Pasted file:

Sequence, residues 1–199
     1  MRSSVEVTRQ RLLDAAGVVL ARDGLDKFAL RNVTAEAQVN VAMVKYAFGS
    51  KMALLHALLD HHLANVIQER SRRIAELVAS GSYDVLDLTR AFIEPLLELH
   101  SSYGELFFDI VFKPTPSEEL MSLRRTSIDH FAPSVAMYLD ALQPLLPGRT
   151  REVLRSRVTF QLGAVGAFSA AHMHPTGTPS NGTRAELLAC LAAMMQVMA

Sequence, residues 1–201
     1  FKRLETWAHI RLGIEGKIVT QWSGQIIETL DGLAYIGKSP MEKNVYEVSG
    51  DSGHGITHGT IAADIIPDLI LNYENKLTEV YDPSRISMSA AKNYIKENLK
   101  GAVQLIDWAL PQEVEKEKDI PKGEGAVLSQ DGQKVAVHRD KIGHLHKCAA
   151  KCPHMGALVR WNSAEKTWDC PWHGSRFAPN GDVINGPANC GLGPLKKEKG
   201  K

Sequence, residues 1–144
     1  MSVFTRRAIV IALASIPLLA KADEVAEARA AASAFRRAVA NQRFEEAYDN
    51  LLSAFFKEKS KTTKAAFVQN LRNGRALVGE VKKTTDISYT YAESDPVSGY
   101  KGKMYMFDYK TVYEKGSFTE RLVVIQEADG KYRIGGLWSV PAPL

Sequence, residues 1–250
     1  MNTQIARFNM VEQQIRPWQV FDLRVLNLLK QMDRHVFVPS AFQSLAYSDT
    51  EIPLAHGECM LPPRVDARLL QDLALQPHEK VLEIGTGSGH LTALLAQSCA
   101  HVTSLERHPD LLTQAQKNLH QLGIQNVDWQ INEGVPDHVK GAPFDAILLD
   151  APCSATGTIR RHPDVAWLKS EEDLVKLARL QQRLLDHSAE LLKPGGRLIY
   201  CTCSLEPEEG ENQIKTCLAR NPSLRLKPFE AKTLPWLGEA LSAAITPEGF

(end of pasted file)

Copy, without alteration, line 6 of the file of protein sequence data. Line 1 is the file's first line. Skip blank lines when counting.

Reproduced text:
Sequence, residues 1–201